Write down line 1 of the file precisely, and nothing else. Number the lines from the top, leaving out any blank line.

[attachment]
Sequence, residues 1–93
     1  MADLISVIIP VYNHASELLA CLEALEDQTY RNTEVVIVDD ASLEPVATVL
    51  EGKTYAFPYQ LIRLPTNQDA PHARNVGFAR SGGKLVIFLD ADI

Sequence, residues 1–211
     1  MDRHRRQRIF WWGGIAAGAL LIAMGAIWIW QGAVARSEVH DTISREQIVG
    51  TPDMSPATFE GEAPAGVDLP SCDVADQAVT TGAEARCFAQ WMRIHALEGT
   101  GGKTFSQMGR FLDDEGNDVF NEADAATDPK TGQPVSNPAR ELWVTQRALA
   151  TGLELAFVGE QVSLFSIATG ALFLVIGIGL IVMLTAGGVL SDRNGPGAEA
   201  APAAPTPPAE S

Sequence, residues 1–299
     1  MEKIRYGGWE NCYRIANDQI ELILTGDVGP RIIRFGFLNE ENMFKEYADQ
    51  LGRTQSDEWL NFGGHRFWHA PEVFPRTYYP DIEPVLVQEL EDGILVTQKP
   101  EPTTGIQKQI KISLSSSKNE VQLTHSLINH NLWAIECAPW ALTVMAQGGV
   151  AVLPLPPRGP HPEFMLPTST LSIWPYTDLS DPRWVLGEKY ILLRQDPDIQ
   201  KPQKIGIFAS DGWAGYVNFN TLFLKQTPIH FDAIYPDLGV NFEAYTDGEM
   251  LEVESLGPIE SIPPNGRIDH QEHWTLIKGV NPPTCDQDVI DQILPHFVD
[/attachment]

Sequence, residues 1–93